We know that overall passenger numbers are, for very good reason, down massively. But airlines have relied on their loyalty programs to provide a significant, and perhaps more importantly steady, stream of revenue for the operations. So, as the airlines use those programs to collateralize billions of dollars in new financing, it is worth considering if that revenue flow is as reliable as airlines (and debt holders) hope it can be.
Given the uncertainty in travel demand caused by COVID-19, we currently estimate a greater percentage of award redemptions will occur beyond 12 months.– United Airlines Q3 2020 10-Q report
The dollar value of points being issued by programs is down compared to 2019, but not down as much as passenger revenue. Consumers are, generally speaking, still earning points in the frequent flyer programs at rates exceeding the precipitous drop in travel or travel spend. Considering that the points earned during travel are generally tied to fare paid this implies that an even larger share of points are being earned through third-party partnerships. That’s generally good news for the programs given the economics of those points.
But points being redeemed is down even more. Looking at the four largest US carriers so far in 2020 the drop off is massive. Delta Air Lines and United Airlines saw the dollar value of points redemptions drop below 10% of the 2019 levels in Q2 while American Airlines and Southwest Airlines fell below 20%. All four recovered somewhat in Q3, but the rates remain depressed.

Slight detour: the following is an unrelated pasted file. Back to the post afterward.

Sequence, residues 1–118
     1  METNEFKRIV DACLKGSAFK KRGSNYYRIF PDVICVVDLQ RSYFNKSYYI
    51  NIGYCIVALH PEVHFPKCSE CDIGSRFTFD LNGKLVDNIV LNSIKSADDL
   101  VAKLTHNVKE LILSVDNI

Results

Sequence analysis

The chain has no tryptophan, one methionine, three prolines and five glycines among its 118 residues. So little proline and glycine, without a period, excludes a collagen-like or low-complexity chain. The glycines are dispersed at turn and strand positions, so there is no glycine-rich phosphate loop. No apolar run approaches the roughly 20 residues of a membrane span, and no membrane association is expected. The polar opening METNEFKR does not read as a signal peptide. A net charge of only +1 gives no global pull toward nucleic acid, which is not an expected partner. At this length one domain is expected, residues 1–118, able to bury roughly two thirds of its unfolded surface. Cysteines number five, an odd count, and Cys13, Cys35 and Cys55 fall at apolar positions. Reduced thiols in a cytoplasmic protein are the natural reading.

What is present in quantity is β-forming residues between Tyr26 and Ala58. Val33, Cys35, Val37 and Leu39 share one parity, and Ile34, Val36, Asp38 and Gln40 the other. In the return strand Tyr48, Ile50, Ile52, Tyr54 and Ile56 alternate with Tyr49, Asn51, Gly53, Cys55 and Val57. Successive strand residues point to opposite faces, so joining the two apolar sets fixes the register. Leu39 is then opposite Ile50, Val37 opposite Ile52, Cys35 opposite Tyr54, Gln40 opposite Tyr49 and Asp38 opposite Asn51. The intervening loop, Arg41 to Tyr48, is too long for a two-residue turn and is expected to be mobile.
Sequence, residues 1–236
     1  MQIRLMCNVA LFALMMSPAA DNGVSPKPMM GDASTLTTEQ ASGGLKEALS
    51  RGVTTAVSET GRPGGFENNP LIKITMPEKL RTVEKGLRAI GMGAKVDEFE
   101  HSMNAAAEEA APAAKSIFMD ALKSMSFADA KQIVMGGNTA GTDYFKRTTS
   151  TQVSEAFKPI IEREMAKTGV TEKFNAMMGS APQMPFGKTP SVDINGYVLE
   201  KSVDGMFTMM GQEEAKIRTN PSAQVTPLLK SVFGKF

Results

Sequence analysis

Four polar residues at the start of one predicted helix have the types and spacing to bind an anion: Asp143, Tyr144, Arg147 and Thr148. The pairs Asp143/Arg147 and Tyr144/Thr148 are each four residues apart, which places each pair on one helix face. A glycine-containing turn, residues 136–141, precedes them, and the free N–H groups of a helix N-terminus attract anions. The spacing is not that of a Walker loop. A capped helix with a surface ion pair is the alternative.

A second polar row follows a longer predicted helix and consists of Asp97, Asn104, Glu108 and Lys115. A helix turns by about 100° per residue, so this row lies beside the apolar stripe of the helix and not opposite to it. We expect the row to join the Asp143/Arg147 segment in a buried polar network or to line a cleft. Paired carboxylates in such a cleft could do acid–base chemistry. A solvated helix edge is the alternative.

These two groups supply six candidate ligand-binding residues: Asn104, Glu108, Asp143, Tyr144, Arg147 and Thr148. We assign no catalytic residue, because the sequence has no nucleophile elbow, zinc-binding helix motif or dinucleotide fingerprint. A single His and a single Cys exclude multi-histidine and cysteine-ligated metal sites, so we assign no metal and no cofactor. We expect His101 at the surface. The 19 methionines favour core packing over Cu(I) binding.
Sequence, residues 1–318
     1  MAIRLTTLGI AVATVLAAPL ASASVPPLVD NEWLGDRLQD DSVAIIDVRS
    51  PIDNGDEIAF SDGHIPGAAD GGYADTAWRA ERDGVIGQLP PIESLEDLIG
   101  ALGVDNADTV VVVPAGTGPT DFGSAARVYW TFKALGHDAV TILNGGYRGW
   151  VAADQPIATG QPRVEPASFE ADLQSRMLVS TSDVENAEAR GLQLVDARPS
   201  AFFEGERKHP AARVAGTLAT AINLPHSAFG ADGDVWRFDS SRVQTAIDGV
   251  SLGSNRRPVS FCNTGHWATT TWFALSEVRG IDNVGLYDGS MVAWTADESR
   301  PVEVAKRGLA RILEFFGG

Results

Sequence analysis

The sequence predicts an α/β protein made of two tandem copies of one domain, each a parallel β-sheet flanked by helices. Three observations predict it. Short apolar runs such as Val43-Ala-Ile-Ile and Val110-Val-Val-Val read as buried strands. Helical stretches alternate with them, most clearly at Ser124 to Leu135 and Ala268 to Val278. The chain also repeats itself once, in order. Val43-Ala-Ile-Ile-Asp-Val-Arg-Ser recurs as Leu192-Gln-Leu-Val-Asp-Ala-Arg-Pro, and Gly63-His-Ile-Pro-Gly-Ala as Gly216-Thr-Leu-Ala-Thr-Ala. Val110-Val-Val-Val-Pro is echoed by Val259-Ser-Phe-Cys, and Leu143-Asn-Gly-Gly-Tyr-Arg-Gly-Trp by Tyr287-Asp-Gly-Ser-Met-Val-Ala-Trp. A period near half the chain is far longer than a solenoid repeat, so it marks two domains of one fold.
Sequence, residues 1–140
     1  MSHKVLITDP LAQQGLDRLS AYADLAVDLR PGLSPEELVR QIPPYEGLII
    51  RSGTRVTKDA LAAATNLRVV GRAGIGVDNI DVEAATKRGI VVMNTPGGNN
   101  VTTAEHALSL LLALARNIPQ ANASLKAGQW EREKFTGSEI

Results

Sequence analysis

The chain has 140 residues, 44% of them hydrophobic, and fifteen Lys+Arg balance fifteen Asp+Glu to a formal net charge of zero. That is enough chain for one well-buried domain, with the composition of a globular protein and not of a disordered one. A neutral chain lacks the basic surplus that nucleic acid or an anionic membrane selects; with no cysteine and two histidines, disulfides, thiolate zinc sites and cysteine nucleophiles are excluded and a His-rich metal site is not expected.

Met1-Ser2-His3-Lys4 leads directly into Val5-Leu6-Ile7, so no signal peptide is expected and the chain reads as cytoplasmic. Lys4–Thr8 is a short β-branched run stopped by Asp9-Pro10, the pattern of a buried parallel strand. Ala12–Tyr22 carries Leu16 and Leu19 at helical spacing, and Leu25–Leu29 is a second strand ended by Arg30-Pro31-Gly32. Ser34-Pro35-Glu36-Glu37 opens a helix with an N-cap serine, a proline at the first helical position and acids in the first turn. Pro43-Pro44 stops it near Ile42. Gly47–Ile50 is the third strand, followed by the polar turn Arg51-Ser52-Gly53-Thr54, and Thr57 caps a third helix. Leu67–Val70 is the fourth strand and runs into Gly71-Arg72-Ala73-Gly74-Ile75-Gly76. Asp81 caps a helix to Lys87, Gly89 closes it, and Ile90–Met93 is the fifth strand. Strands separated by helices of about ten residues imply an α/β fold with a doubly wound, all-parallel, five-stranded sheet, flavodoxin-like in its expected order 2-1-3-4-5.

This is not an unexpected development given uncertainty in the global health situation and generally suppressed travel demand. Indeed, the airlines acknowledge that points redemption is expected to remain massively down for at least another year. But that raises questions about what the points will be worth for consumers in the longer term.
If the deferred revenue value becomes too far out of balance the programs must choose to either reduce the consumer accrual rates (i.e. raise the cost of points or reduce earning options) or reduce the future revenue liability by adjusting the value of the points. United Airlines saw that spread increase by more than $600 million in the past year while Southwest’s margin increased by $850 million. American’s loyalty deferred revenue spread increased by more than $400 million and Delta by about $300 million. These changes come against balances that are typically measured in the billions anyways, so the initial shock might not be quite as bad as it seems. But if the spread continues to grow apace it could become a concern for the program economics.
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